Forest kingdom

Wild animals, core industry and research

The Blue Highway winds its way through the pine tree belt of the northern latitudes. Elks, bears, lynxes and wolves roam the forest but shy away from humans. The surest way of meeting these wild animals is at Lycksele Zoo, which has been designed so that visitors get the true impression of how the animals live in the wild. Real close encounters with the kings of the forest can be experienced at the Elk´s house in Bjurholm. Another attraction in Lycksele is Gammplatsen with the forest museum, a large outdoor museum that tells the history of the settlers. The Sami world is illustrated at the museum of Västerbotten in Umeå. There visitors will also find the Swedish skiing museum with the oldest ski in the world.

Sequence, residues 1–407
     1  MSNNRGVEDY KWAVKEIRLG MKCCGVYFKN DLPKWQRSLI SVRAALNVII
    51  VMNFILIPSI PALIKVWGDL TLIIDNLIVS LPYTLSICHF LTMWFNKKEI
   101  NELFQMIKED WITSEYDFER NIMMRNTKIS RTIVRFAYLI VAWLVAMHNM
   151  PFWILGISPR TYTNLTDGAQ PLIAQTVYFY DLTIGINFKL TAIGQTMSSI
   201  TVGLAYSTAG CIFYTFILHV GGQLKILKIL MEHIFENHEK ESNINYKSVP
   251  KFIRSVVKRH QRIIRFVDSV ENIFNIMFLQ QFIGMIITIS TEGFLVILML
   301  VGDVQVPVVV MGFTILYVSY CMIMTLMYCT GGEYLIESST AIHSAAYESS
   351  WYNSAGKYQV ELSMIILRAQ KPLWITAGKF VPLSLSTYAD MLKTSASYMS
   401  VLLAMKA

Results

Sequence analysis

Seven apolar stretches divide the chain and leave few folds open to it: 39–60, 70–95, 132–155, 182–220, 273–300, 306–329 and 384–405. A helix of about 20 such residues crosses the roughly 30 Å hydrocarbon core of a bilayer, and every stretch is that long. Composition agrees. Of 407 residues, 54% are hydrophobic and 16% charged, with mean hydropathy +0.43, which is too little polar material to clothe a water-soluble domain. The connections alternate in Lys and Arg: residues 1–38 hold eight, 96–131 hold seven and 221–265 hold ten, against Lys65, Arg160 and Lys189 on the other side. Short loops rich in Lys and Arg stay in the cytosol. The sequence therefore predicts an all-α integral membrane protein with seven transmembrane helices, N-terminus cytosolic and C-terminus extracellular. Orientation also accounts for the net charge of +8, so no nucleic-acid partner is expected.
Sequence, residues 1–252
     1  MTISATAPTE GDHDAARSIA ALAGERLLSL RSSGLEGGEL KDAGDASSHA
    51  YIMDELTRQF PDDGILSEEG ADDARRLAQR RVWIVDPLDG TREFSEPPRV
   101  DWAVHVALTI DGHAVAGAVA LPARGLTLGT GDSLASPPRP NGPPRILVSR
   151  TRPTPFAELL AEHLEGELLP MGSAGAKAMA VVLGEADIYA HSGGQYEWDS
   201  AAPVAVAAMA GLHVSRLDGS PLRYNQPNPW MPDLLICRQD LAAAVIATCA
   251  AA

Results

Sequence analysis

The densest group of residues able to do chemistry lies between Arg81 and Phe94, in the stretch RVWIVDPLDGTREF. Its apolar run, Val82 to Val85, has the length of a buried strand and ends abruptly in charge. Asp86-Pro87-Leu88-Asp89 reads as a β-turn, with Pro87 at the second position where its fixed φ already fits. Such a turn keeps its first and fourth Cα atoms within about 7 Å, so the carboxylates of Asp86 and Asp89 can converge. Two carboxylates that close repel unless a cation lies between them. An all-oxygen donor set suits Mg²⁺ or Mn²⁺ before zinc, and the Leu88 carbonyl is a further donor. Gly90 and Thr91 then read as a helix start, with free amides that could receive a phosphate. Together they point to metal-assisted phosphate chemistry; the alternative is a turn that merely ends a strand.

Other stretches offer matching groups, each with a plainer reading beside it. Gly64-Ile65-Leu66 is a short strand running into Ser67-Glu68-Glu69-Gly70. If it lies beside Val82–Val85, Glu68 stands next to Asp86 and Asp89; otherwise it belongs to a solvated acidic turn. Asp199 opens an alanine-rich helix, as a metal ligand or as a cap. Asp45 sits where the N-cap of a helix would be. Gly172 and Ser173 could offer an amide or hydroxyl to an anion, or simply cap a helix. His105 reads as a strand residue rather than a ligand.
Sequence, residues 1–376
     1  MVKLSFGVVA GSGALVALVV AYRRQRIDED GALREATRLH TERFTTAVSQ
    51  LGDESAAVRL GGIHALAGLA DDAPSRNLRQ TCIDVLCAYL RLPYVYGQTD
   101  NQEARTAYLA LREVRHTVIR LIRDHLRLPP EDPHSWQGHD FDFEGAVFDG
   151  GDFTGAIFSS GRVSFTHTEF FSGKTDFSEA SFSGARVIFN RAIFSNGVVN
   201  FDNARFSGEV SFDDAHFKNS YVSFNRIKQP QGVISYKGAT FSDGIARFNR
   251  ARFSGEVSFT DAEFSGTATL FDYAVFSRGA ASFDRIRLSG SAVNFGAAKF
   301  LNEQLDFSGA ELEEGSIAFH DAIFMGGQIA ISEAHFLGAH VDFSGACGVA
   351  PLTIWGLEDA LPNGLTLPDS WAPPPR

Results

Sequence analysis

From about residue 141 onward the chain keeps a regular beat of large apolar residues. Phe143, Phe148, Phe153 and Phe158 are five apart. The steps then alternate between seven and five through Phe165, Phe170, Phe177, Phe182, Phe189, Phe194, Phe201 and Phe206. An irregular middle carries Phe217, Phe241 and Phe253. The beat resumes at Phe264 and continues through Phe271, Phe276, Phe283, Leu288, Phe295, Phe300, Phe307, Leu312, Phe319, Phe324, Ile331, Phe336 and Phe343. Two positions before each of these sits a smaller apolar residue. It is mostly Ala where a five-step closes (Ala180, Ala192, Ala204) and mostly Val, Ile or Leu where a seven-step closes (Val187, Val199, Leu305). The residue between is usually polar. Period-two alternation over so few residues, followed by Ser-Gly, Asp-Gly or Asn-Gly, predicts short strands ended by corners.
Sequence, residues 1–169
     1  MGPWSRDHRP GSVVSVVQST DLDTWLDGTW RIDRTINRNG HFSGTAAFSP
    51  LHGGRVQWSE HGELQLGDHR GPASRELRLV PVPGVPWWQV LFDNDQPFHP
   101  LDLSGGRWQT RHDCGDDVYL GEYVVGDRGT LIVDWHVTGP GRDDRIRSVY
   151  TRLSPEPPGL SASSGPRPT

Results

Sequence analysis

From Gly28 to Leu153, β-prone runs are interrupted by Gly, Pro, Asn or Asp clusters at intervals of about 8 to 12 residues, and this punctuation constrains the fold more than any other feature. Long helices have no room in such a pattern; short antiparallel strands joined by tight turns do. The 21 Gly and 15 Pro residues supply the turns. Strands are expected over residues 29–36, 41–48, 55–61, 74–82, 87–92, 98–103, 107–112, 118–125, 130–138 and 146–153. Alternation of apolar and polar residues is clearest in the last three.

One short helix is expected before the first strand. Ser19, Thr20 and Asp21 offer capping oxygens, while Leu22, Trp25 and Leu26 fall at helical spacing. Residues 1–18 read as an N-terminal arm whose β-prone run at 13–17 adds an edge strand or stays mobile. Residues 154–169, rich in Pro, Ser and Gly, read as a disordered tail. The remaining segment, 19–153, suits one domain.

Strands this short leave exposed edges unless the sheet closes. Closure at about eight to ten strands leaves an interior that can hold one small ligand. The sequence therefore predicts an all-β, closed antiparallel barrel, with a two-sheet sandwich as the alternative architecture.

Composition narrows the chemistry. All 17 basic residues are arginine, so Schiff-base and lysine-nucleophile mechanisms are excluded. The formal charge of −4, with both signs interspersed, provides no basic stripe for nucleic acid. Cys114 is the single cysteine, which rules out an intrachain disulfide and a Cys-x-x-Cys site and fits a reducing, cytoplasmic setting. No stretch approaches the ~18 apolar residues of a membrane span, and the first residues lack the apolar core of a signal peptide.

The forest is a core industry along the Blue Highway and above all in Umeå and Joensuu you can find world-leading expertise within the fields of technology and forestry. The idyllic islands of Norrbyskär bear witness to the important sawmill era of the late 19th century and are a popular daytrip attraction near Umeå.

The cultivated landscape

Living countryside with new meeting points and activities

The farms have been rationalised, silage in large white plastic balls are spread out over the fields like a giant´s toys. The summer is short but the midnight sun benefits barley, potatoes and grasses and creates outstanding aromas for arctic raspberries and cloudberries.